August 10, 2012

7 Great Green working practices

Being greener at work means less impact on the environment, a more productive work force, and increased profits. Whether you’re the owner of the business or just an employee, whether your office is already green or becoming that way, there are steps you can take to lighten your carbon footprint. From telecommuting to investing in green technology, here are some ways to run a more environmentally friendly company. Use less energy at work.In many offices, computers are central; changing energy settings for PCs, printers and other equipment can mean modest energy savings. It’s also a good idea to shut them down at the end of the day, as standby mode draws power even when the computer isn’t being used. A simple way to save energy is to plug all computer hardware into a power strip with an on/off switch, to unplug appliances that aren’t used often, and to turn off lights when you leave the room.
Digitize your data: In the digital age, it seems counterintuitive for offices to consume large amounts of paper- especially as most of it only gets used once. The more you store your information online, the less paper you’ll need. Review documents as they’re on a screen, or send emails and PDF files rather than printing documents.
Make commuting more green.The average worker spends almost fifty hours per year commuting to and from work, adding up to billions of gallons of wasted fuel per year. Ease some of the environmental strain by carpooling, using public transit, or walking. Larger workplaces can benefit from programs which reward employees for getting to work in a green way, such as cycling. If getting rid of automobiles isn’t practical, consider switching to a hybrid, a scooter, or a car sharing service.
Take your work home with you, or change your work week. Unified communications, instant messaging, Skype and other tools make it easier than ever to telecommute. If it’s practical for your business, telecommuting will save time, and it will lessen harmful carbon emissions. Another good idea is to switch from the traditional five-day, eight-hour work week to a four-day, ten-hour schedule; it can save 20% or more in time and energy, and it offers employees a welcome three-day weekend every week!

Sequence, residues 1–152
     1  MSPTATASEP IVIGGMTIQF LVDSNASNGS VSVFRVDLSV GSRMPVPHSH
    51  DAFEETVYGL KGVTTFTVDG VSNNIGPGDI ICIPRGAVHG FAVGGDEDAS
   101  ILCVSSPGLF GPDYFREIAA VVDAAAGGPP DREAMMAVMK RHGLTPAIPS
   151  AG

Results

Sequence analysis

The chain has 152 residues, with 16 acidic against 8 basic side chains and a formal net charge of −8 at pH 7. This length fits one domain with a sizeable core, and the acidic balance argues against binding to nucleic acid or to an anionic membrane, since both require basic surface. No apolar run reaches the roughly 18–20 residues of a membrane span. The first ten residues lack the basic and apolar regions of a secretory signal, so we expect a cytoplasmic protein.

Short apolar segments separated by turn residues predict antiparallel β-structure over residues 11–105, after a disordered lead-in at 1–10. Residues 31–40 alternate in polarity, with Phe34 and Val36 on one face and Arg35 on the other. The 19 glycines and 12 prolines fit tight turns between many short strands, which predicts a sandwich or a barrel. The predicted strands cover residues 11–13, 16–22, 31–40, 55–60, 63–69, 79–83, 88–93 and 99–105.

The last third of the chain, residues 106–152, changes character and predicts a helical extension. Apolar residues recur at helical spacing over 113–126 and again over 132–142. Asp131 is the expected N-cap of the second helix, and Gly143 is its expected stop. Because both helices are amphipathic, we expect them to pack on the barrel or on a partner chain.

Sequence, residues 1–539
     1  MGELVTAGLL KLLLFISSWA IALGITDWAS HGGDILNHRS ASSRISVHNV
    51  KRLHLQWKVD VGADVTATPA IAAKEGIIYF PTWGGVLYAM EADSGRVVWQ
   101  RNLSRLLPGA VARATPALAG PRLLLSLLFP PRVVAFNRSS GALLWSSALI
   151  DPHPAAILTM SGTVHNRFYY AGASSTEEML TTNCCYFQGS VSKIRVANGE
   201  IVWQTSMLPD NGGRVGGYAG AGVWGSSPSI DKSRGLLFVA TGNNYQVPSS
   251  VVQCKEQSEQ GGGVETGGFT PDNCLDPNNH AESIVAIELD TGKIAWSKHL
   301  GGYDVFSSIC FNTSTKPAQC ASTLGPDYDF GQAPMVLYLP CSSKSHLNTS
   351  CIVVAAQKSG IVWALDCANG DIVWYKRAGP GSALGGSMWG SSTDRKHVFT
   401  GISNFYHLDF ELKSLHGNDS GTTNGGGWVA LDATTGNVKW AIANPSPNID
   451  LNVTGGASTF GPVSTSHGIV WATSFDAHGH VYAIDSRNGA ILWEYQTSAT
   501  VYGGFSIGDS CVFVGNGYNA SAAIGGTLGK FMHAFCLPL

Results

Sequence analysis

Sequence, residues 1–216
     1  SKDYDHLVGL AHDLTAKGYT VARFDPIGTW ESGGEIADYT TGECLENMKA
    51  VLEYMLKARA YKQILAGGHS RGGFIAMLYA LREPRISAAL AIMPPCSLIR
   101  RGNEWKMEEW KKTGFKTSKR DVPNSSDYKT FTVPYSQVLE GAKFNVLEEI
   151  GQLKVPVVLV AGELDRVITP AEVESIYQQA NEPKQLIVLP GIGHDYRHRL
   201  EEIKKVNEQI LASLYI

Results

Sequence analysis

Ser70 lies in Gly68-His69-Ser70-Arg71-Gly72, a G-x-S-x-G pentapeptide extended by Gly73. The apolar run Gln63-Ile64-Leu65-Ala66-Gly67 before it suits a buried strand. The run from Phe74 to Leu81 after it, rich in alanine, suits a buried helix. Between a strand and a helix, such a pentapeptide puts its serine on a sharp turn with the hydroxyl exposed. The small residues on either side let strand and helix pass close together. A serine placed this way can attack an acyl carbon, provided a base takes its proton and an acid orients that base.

Change your work environment.“Greening up” your workplace is simple- all you need is eco-friendly lighting and furniture, as well as clean air. Replace incandescent bulbs with CFLs or LEDs, or open windows to let more natural light in. Cleaner air makes for healthier employees; ensure adequate ventilation, and use low-VOC paints, furniture and carpets.
Green your lunch. If you pack your lunch, bring it in a reusable container. If you order takeout, get together with your co-workers and put together one large order rather than a few small ones. Workers that go out for lunch should walk or bike, rather than drive.
Get others thinking green, too.Share the above information with your colleagues, or ask your higher-ups to consider buying carbon credits to offset plane and car travel. Arrange office-wide remote working, or set up a group cycling commute. Get fair-trade coffee for your break room, and place recycling bins around the office. These simple tips can help your business do its share to make the world a cleaner place to live.